Program involving AmeriCorps members is honored as part of CNN Heroes series.
Yesterday, Anderson Cooper named his Top 10 Heroes of 2008 on CNN. Among them, Liz McCartney and the St. Bernard Project, an AmeriCorps project in St. Bernard Parish, New Orleans.
According to a press release from the Corporation for National and Community Service,
Liz McCartney, co-founder of a Louisiana nonprofit that relies on volunteers and AmeriCorps members to rebuild homes destroyed by Hurricane Katrina, has been selected as one of 10 finalists in the second annual “CNN Heroes” program.
The St. Bernard Project, formed two years ago by McCartney and Zack Rosenburg, has mobilized more than 9,000 volunteers to renovate and reconstruct 151 homes for residents of St. Bernard Parish, an area just outside New Orleans that once was home to 67,000 people that suffered massive damage from Katrina.
Watch the AC 360 clip from CNN.
Anyone can vote for the Hero of the Year.
The announcement is expected Thanksgiving night. The winner will win $100,000.
The top ten heroes each won $25,000 and McCartney donated hers back to the project.
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Marginalized New Orleans Youth Strive for a Brighter, Greener Future
The Corps Network has recently launched a new service program in New Orleans. The Conservation Corps of Greater New Orleans (CCGNO) combines many goals:
- Engage local youth whom the schools have not reached, including formerly incarcerated and court-involved 16-24 year olds
- Prepare these youth with highly marketable and potentially lucrative green job skills
- Give them the chance to use sustainable practices to restore the environment and historic structures, conserve energy, and build community
- Revitalize New Orleans, a city still recovering from the devastation of Hurricane Katrina
- Innovate service learning practices by implementing them without the classroom
- Transform the public perception of marginalized youth by giving them a platform and a voice
- Instill in these youth the value of service to community at an early age
CCGNO leverages some investment from the Federal government, to not only transform the lives of its Corps members but also to rebuild and rejuvenate New Orleans infrastructure and community.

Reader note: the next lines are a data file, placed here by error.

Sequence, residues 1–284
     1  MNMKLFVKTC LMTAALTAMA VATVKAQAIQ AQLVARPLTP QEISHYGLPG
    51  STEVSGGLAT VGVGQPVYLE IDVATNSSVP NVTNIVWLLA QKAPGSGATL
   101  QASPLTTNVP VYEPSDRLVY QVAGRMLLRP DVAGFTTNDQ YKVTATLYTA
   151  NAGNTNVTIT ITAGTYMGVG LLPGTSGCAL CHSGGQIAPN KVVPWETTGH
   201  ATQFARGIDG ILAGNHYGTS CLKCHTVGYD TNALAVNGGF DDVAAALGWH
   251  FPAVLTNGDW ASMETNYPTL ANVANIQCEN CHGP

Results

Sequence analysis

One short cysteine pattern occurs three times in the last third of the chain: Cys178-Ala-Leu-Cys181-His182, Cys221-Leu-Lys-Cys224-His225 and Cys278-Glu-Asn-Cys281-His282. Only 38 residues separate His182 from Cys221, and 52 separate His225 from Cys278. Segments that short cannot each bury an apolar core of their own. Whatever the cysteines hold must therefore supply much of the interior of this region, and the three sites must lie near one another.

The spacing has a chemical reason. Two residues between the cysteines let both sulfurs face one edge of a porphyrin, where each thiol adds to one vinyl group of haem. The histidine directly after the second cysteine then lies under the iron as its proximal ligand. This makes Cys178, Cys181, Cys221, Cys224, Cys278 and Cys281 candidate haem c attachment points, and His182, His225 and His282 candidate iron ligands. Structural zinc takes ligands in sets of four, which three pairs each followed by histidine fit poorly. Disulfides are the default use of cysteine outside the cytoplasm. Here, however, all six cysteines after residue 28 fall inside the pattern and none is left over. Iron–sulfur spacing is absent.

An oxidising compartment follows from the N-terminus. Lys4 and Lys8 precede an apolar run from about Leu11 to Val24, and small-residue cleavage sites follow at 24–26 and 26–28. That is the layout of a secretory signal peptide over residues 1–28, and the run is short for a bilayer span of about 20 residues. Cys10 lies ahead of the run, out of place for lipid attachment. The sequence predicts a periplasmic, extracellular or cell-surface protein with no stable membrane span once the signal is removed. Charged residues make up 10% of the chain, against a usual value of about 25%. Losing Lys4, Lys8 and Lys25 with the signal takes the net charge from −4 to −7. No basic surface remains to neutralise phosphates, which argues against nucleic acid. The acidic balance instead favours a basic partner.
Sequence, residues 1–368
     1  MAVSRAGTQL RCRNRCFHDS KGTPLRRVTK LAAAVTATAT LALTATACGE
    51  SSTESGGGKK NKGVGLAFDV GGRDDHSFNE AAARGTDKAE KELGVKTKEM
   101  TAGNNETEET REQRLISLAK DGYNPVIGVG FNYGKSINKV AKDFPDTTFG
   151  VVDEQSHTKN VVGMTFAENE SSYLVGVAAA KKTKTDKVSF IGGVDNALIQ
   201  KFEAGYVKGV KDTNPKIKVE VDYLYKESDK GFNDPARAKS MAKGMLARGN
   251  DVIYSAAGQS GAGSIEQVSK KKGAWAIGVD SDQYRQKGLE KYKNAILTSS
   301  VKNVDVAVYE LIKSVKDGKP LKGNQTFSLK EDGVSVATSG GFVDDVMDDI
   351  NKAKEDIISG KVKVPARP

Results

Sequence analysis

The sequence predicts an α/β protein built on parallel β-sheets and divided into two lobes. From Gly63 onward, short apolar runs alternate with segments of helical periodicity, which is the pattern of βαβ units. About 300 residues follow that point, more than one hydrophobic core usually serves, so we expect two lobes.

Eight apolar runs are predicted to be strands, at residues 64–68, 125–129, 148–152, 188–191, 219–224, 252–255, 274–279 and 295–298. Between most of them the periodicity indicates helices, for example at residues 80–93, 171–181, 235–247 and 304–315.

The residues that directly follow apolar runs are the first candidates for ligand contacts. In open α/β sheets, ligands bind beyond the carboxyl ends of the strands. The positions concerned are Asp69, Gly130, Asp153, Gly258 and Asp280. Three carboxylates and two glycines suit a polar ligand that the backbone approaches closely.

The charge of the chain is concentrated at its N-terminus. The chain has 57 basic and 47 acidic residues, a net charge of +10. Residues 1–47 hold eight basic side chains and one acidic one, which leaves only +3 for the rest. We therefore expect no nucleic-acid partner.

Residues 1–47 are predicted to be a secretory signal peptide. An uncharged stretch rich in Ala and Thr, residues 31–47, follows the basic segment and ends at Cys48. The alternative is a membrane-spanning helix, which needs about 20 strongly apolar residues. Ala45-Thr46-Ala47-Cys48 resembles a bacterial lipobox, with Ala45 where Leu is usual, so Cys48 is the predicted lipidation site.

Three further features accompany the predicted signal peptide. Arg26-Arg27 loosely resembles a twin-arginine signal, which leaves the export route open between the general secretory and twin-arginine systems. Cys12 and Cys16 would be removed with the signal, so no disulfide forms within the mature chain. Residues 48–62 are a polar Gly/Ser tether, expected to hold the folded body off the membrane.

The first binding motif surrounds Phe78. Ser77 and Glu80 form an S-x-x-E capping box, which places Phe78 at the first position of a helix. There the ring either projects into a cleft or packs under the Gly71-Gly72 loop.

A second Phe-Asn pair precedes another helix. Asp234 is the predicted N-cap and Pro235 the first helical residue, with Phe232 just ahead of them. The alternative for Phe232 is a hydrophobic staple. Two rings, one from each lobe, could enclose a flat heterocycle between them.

The program graduates its first class of Corps members this Friday through its Service Learning Showcase, where 100 Corps members will share their accomplishments from their three-month term of service.
During their term, Corps members visualized success, researched and assessed community needs, proposed and implemented sustainable projects, and finally evaluated their own outcomes. Corps members have served side by side with up to seven peers, plus professional mentors who have guided them. They have served in agencies throughout Greater New Orleans.
Recruited from the parishes of Greater New Orleans, the inaugural class of CCGNO show that quality service-learning comes through youth ownership. By mid-2009, CCGNO hopes to have graduated 800 Corps members.
While some service corps programs are hit-or-miss when it comes to career transitions, CCGNO is all about green workforce development, and commits to propelling its graduating Corps members towards green jobs and further education.
For further reading on bringing all voices to the environmental movement, check out GreenForAll.org. In November 2008, Green For All’s founder Van Jones published a book Green Collar Economy. Also read this New York Times blog post (from 11/10/08) about Van Jones and the Obama administration. Check out this interview with Van Jones, who explains more: